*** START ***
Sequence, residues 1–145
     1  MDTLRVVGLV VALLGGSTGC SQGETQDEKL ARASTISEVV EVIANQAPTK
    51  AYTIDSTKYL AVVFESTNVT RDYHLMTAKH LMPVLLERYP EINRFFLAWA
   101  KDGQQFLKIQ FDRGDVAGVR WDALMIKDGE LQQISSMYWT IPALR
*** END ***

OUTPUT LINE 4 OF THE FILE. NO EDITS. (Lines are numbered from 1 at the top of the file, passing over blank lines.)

   101  KDGQQFLKIQ FDRGDVAGVR WDALMIKDGE LQQISSMYWT IPALR